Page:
Tell me about you, as an artist. How do you define art? What art do you make?

I’m a writer/performer.

I gab to audiences and make an authentic connection before I do anything. Then I offer up stories and moments populated by Dufflecoat Daves and Fray Bentos pies and broken people who cope by laughing. I undercut taboos, dress my stump up as a celebrities (I’m an amputee with a deformity that looks like a mouth on my stump). There’s bathos, irreverance, absurdity, comedy, a love of the truth of real people and silence.

I don’t know what art is, I’m not fussed about defining it. I just crack on with it.

You’ve recently been awarded a Jerwood Compton Poetry Fellowship – huge congratulations! What most excites you about this opportunity and what are you hoping to achieve?

Cheers. It’s brill innit.

I’m usually skint and I do a lot of work that is underpaid but rewarding, so I’m always running round the country workshopping and the like, but I have all sorts of stuff wrong with me medically so I end up crashing and being laid in bed with a cob on. This award means I can take a breather and put some money on the leccy and  have some headspace to calm down and write what i want to.

I have no idea what will happen, I’ll just go with it. I predict a third poetry collection and a new play. And probably something weird that shouldn’t work but it does.

Your new play Cosmic Scallies will be at the Edinburgh Fringe in August and will then make its way to the Royal Exchange. What was your main inspiration for the play? What do you hope audiences take away from it?

The film I Daniel Blake. In order to convince people who aren’t from the council estate, benefits world I’m from that we deserve to be treated better, Loach had to make Daniel Blake a saint. This distinction between the ‘undeserving poor’ and the ‘deserving poor’ p*sses me off massively.  Programmes like Benefits Street set out to chav shame and vilify us. I’m from the ‘Underserving Poor’, I’ve self medicated with booze and drugs, I understand why people looted JJB sports to get trainers to get the status they haven’t got, I *get* scratchcards and stealing and choosing to be flippant about your life because caring hurts too much because it’s unfair. All of that. I couldn’t talk about it for years because I didn’t debate like the people I was surrounded by, instead I swore and got angry and upset, so I made a play about it instead.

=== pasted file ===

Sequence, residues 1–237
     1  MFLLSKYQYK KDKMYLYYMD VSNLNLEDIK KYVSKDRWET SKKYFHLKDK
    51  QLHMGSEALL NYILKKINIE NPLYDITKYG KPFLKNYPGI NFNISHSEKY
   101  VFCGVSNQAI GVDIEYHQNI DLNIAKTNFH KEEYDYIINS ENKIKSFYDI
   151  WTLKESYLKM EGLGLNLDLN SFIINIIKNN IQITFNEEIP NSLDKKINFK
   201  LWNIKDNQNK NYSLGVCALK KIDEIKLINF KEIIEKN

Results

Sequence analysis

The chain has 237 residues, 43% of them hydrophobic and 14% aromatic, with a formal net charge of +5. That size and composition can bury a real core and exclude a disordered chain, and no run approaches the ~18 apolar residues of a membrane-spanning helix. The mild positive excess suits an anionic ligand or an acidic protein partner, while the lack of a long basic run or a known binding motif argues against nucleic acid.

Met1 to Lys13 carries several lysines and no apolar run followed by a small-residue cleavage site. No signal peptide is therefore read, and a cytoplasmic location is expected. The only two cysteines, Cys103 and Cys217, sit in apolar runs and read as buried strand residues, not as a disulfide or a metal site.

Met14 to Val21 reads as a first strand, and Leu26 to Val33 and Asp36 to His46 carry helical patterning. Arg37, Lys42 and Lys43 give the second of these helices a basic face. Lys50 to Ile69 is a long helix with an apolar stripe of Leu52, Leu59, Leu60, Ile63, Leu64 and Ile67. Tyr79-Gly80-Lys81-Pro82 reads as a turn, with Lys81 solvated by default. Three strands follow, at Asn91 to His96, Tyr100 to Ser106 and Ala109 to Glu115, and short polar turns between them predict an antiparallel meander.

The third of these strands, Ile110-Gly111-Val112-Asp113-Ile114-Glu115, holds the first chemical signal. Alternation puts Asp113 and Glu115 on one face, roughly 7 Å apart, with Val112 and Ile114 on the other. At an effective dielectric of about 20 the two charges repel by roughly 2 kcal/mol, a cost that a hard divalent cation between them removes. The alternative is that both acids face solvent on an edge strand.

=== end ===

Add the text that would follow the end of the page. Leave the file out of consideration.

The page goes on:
You’ve also got an upcoming solo show at Contact, Jumble Soul. Why did you choose to include audience interaction in your show? What advice would you give to an emerging artist making their first solo show?

The advice I’d give is don’t try to be theatre, just find your own authentic voice instead, do it your own way, don’t pretend. And if you’re working class and you’re intimidated by the theatre world, just give your head a wobble and f*ck that off because it gets in the way too much.

I’ve not got that much audience interaction. What I’ve done is gone round recording gabs with 35 disabled and working class/underclass people about everything and nothing and I’m using these voices as audio that will weave in and out of the show. And I’ve done that because I wasn’t hearing these voices on stage and I want working class people to feel like theatre is for us.

If you could offer a piece of advice to your younger self about being in the arts industry, what would it be?

Everyone’s winging it, crack on buggerlugs, you’re good enough.

Where can we find your work?

I’ve got two new shows coming out this autumn, Cosmic Scallies (the play text will be available from Nick Hern soon) and Jumble Soul.

What does the future hold for you in your writing career?

Some, none or all of these: strange puppetry, lofi music collab, a play about radium, a play set in a psych ward, a TV sit com, serious poetry collection archiving the experience of people in Skem, weird pub quiz night, Wombles satire, more stand up comedy.

Sum up your experience thus far in one word.